But yes, some sections of the Bible are henotheistic (look at the phrasing of the Ten Commandments). Yet others aren't. And I would be inclined to argue that the level of power associated to other quasi-deities by Chick is substantially higher than can be justified from a simple reading of the texts.

Reading Stormfield now. Had not read it before.

Lautreamont said...

Man, I love this cartoon for the one reason that it elicited such an elegant and witty little essay from you Josh. And TG, "honest conversion"?? Cmon man, it was Mary's prayer and the thorough ass beating Crazy Wolf received as a product of it which fomented his conversion. I don't think Twain considered people who have been assaulted half to death by god's henchmen as "recently saved."

Shalmo said...

The word Allah is actually older than the word God

Remember the famous My God, My God why have you forsaken me?

The aramaic used by Jesus was "elah" which is the same as Allah in arabic

Shalmo said...

"Implied in this narrative is the teaching that prayer for a soul can actively lead to salvation."

Its interesting. In studies of the Gospel of Thomas (routined as the "5th" Gospel) what I find interesting is not what the Gospel includes, but what it excludes.

No mention of cruxification, no original sin, no trinity, no modalism, no resurrection, AND NO VICARIOUS SACRIFICE!

In fact it states that to achieve salvation one simply needs to concentrate on the words in the Gospel itself starkly contrasting Paul's view on sacrificial atonement.

Inttriguingly it also states heaven is not some place in the upper sky as many christians think, but that its something that always existed with us, and Jesus only came to show us where it was. Link this with where Jesus says "the kingdom of heaven is within" in the canonical gospel(s) and one gets the idea of just how diverse early christianity was on salvation before Paul's repugnant ideas came onto the scene.

Joshua said...

Shalmo, anyone with half a brain knows that the entire bloody English language is much younger than Arabic (or Hebrew or Aramaic) so the point doesn't seem to matter much.

Although for that particular word there is some interesting history. There's linguistic evidence that the word "god" itself may be surprisingly old. See http://www.newadvent.org/cathen/06608x.htm (and also the OED entry on the word which I can't find an online linkable copy of)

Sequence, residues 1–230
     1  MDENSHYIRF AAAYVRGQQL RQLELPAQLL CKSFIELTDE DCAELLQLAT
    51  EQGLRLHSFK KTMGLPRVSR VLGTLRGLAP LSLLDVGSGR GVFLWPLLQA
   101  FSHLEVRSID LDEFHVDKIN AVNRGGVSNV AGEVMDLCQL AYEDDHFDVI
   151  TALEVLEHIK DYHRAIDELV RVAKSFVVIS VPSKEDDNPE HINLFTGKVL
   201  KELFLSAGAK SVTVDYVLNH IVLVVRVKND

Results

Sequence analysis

Lautreamont said...

"...one gets the idea of just how diverse early christianity was on salvation before Paul's repugnant ideas came onto the scene."

God, Shalmo, I never thought I would say this again after that homosexuality post but Amen, Brother. You are hardcore right. Paul was honestly one of the biggest pieces of shit to ever live. I can't even continue this entry because of how unhappy he makes me.

Johan said...

Apparently the view that other gods were really demons was quite common in the ancient world especially among monotheists like Jews and Christians.

Certainly, if you heard that some religuous leader you disliked was performing miracles you were probably more likely to blaim demons or magic than suggest the reports were mistaken. I venture that today it is different even among most fundamentalists crazies who decry the Enlightment mindset.

I am not sure Jack Chick goes any further than the early Christians did. Certainly the demons in the New Testament that Jesus expells appears to be able to do quite serious harm to people. They are also powerless against Jesus, just like Jack Chicks demons.

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Anonymous said...

I agree with your analysis that Jack Chick's theology is henotheistic. The "Crazy Wolf" tract strikes me as a reworking of an earlier tract The Traitor, this time aimed at Hindus.

The Hindu tract is really such a mixture of stereotypes, parody, and Jack Chick's imagination that it bears very little resemblance to real Hinduism. A Native American told me that "Crazy Wolf" is "So wrong that I don't know where to begin", so I think that must be the same.

This begs the question of what the purpose of these tracts is. Anyone knowing real Hinduism would not be encouraged to convert in any way by "The Traitor", it would just be a demonstration of Chick's ignorance. I suspect the same is true of the other religions. The only thing that I can think is that this is aimed at the already converted to show them "how bad" other faiths are, and undermine any interfaith dialogue or universalist thoughts.

I like your analogy of reversing Jesus and Satan, I have thought the same of many fundamentalists

Johan said...

Why can not Chick actually believe that his own stereotypical portrayal of other religions?

Consider that most Americans do not know much about Indian religion (either kind) and add to that Chick is horribly prejudiced and I find it perfectly believable that he would come up with grossly inaccurate beliefs about how Hinduists or Native Americans practice their religion.

He seams to know some Catholic theology but I suspect it is because he has read Protestant apologetics. The authors would of these would know a least the basics of Catholic theology.

But when it comes to religions that are far removed from Christianity his only source of information is probably the media and his own imagination.

I am not sure this tract is all that effective in preaching to the choir. Wouldn't someone be just a little bit tempted by the power you obviously get if you worship the Native American demons?